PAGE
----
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BY BREE SCOTT
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Graphic courtesy of LUPD.

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The United States Department of Justice defines sexual assault as “any type of sexual contact or behavior that occurs without the explicit consent of the recipient. Falling under the definition of sexual assault are sexual activities such as forced sexual intercourse, forcible sodomy, child molestation, incest, fondling and attempted rape.” With sexual assault being a prevalent problem on campuses across the U.S., Lewis is taking steps to combat the issue.

 

According to Lewis’ 2016 Annual Security and Fire Safety Report, there were two reports of rape on campus in 2014, four reports in 2015 and two reports in 2016. In 2016, there was one report of inappropriate fondling. The Lewis community also received an email of reported sexual assault that occurred recently on campus on Oct. 24.

LUPD Officer Margie Lill is a specialist on sexual assault crimes on campus. Statistics show that one out of five women are sexually assaulted. However, Officer Lill points out that these statistics don’t come from women who actually report the crime, but rather these numbers are gathered from a confidential survey given to college-aged women. “The problem with that number is that it is based off of those who actually report the incident,” said Officer Lill. “Sexual assault is a serious offense, regardless if it happens once or ten times.”

 

Officer Lill offered the following helpful tips to prevent the possibility of sexual assault. One, know your surroundings and pay attention to what is going on around you. Two, when you are walking somewhere, whether on campus or elsewhere, know where you can run to for help. Three, when you’re going out, let a friend know who you are going out with and where you’re going. Four, if you take an Uber or other taxi service, snap a quick picture of the license plate and send it to a friend in the event that something happens. Five, don’t always take the same route in your travels; don’t be predictable. Six, when going to a house party or a bar, watch your drinks; know what you’re drinking and how much, and take a buddy with you.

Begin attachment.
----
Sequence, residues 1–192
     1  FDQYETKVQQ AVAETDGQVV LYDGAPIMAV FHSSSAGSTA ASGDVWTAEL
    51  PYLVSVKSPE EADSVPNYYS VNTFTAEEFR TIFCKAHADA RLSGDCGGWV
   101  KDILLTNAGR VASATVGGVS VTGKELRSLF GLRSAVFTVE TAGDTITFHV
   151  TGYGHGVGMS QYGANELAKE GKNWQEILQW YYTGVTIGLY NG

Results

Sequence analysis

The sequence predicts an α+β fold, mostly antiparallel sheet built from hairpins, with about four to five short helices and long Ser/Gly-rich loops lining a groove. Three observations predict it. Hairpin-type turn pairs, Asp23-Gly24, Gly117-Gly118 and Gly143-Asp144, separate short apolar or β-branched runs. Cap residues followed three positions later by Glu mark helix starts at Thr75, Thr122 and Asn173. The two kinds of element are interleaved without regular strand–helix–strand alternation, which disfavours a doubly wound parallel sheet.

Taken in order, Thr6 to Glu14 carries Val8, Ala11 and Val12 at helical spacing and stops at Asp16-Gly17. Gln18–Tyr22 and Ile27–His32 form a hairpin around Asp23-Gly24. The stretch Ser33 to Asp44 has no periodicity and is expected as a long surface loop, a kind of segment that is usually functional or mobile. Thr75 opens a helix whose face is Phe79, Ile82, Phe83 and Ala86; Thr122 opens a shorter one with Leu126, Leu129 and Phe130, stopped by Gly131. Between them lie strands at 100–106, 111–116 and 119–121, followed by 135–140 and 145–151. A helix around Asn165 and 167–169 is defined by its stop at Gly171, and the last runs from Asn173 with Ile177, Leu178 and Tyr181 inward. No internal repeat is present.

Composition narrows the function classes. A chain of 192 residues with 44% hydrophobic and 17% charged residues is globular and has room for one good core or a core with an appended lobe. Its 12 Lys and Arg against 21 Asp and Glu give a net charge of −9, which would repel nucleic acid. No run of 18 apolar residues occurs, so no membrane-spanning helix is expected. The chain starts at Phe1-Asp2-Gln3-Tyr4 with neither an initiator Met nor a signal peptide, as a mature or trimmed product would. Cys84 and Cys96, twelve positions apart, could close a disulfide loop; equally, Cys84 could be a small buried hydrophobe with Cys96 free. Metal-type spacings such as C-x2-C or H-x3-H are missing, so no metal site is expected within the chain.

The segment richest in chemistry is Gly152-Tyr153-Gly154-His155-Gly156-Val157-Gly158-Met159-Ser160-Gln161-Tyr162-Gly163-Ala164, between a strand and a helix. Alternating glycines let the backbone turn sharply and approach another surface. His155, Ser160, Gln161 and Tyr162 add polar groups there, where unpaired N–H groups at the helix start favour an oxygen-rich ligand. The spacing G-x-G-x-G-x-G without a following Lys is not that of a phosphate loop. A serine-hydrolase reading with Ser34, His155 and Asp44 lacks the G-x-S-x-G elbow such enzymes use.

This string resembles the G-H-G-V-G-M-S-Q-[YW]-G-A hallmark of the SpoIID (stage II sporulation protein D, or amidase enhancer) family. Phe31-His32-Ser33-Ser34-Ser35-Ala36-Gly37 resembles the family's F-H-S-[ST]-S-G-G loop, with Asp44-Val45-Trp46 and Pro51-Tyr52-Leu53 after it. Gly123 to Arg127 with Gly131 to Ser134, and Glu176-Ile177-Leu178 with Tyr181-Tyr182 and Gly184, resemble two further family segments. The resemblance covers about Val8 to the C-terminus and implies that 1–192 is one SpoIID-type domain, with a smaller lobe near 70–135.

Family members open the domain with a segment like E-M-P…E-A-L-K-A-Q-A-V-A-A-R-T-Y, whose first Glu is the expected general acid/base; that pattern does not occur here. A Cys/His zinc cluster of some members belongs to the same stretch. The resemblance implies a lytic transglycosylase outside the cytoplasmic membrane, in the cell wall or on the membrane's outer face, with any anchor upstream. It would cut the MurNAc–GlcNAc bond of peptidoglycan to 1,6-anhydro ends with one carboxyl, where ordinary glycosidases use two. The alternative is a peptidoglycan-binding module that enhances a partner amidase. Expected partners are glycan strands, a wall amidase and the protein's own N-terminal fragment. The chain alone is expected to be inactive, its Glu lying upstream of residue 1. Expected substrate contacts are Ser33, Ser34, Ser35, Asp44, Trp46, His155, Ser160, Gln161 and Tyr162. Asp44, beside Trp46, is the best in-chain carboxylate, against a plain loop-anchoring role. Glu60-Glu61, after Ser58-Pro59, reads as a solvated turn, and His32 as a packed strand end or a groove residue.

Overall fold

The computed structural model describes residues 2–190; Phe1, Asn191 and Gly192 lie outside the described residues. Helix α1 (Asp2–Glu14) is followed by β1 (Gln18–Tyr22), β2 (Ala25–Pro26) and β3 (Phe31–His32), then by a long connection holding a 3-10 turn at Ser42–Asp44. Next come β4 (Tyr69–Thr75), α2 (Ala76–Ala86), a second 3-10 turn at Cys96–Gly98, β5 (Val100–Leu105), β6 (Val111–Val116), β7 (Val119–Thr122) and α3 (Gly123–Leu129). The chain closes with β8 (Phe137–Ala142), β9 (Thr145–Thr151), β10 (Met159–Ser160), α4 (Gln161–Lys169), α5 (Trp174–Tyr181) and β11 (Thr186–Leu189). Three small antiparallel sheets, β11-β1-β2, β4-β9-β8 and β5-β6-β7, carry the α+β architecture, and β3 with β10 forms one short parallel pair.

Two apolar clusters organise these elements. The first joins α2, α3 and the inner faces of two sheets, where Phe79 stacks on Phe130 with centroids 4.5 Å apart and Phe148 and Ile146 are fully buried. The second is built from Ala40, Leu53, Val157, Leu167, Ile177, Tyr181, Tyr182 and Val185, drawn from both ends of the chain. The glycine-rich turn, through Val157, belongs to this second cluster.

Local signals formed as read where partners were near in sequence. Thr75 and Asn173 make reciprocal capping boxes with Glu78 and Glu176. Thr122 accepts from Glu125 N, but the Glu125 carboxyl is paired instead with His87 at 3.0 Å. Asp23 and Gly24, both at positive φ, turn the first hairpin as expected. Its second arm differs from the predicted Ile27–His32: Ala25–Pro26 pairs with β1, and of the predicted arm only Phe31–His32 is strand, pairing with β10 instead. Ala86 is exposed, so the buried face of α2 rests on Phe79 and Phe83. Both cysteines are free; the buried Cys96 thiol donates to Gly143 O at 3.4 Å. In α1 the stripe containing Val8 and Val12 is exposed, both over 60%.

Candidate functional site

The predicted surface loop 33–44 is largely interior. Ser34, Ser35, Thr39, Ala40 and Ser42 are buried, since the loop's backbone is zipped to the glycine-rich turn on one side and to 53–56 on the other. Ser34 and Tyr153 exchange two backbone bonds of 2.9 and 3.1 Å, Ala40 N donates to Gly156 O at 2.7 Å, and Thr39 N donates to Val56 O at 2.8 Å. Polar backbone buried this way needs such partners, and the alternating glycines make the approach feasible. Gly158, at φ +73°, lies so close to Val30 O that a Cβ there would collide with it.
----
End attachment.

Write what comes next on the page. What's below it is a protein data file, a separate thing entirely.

“What is important is being a part of a community that keeps each other safe, so be a great bystander. If you see something happen you know is wrong, call the police, step in or get someone who can help,” said Officer Lill.

LUPD offers a two-day program for men and women called the R.A.D. (Rape Aggression Defense) program. It is both a lecture-based and hands-on based program which assists in prevention, awareness and self-defense in cases of sexual assault.. The next R.A.D. programs coming up for women takes place on Jan. 13 from 10 a.m. to 2 p.m. and Jan. 14 from 11 a.m. to 4 p.m. Officer Lill urges anyone who is interested in registering or would like more information to email her at lillma@lewisu.edu.

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